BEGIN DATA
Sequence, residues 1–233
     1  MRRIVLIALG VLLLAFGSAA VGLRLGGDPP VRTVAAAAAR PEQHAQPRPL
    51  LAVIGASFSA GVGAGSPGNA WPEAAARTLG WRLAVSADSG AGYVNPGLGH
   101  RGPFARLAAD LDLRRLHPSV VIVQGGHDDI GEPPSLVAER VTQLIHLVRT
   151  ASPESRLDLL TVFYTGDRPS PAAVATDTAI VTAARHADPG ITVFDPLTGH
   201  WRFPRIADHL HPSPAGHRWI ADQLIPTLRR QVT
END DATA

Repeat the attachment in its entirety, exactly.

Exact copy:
Sequence, residues 1–233
     1  MRRIVLIALG VLLLAFGSAA VGLRLGGDPP VRTVAAAAAR PEQHAQPRPL
    51  LAVIGASFSA GVGAGSPGNA WPEAAARTLG WRLAVSADSG AGYVNPGLGH
   101  RGPFARLAAD LDLRRLHPSV VIVQGGHDDI GEPPSLVAER VTQLIHLVRT
   151  ASPESRLDLL TVFYTGDRPS PAAVATDTAI VTAARHADPG ITVFDPLTGH
   201  WRFPRIADHL HPSPAGHRWI ADQLIPTLRR QVT